We see it in the news all the time: a politician is quoted as saying something incorrect or offensive; a video captures something blatantly racist or unjust. But only later do we find out that what was reported was only part of the story. When we learn more about what was said or what happened—both immediately before and after what seemed so offensive or unjust—it often turns out that those short clips were taken out of context. Then, once we see everything in context—with all the surrounding facts and information—it completely changes our understanding. Or, at least, it should.
Whenever we come in in the middle of something—a conversation, a fight, a story—we’re missing context: the words or actions that precede or follow whatever it is we’re witnessing or trying to understand. Everything we do, see, hear and say has a context—it has a broader setting than what we’re seeing at that moment—and when we ignore or are unaware of that context, nearly everything can be misconstrued. And this is especially true if we are looking through the lens of our predetermined biases or agendas.
Consider, then, the Bible—a wholly unique book, written over about a 1,500 year period by about 40 different authors more than 2,000 years ago. Even with the limited amount of information we have on the biblical authors, the composition of the Bible itself ought to remind us that we are hardly its primary audience. So when we try to impose our modern ideas and sensibilities upon this ancient book such that we color its meaning, we are instantly taking the Scriptures out of context.
But despite its diversity of authors covering an enormous time span, the Bible is actually an amazingly unified book. Therefore, the nature of the Bible itself—as the written word of God—demands that each writer and each book be considered in the larger context of all the others. If we were looking at forty completely independent, uninspired authors, their agreement or disagreement with one another would be irrelevant. But as books of the Bible—as what we believe to be the finalized communication from God to man in written form—the different parts of the book must be in harmony.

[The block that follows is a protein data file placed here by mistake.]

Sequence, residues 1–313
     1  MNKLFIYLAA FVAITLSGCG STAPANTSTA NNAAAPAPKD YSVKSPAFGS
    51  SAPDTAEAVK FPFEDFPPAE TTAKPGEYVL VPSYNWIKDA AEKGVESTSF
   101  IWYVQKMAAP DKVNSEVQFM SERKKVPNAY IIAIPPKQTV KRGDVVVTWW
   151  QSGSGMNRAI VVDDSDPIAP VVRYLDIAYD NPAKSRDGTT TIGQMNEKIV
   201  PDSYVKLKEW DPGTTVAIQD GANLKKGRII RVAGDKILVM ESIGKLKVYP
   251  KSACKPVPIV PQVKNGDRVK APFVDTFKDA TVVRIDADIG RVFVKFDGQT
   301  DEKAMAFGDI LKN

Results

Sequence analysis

This means that the Bible as a whole—and the individual books of the Bible and their authors—forms the Bible’s larger context. However, the more immediate context for anything we read comes from the text that is closer in proximity. In other words, each book of the Bible provides context for each of its chapters, and each chapter provides context for each of its verses. Therefore, no single verse or phrase or word exists in a vacuum—it must be considered alongside the words, phrases, sentences, paragraphs and chapters that surround it, as well as the author’s frame of reference, other things he may have written, who the author was, when and why he was writing, and everything else that the Scriptures have to say on the subject.
Considering context is not only helpful but absolutely necessary both for avoiding superficial, self-oriented readings of a verse or passage, as well as for the correction of misunderstandings based on bad doctrine or preconceptions. Without context, we may as well be pulling all our understanding out of thin air.
The Bible is simple to understand—not necessarily easy or without some work, but simple. Yet it’s not a theological textbook with its ideas systematically laid out for us to linearly learn and consume, and this also makes it easy to misunderstand. While it is often sufficient to read just a little bit before and a little bit after a passage or verse to get a better sense of the context, sometimes it can require much more work. This is why there’s no substitute for simply being very familiar with the whole Bible—being dedicated to reading and re-reading it as if your life depended on it—because it does.
Just as context is crucial to understanding life, it is equally as essential for comprehending God’s word. In fact, it is impossible to fully understand the Bible without it.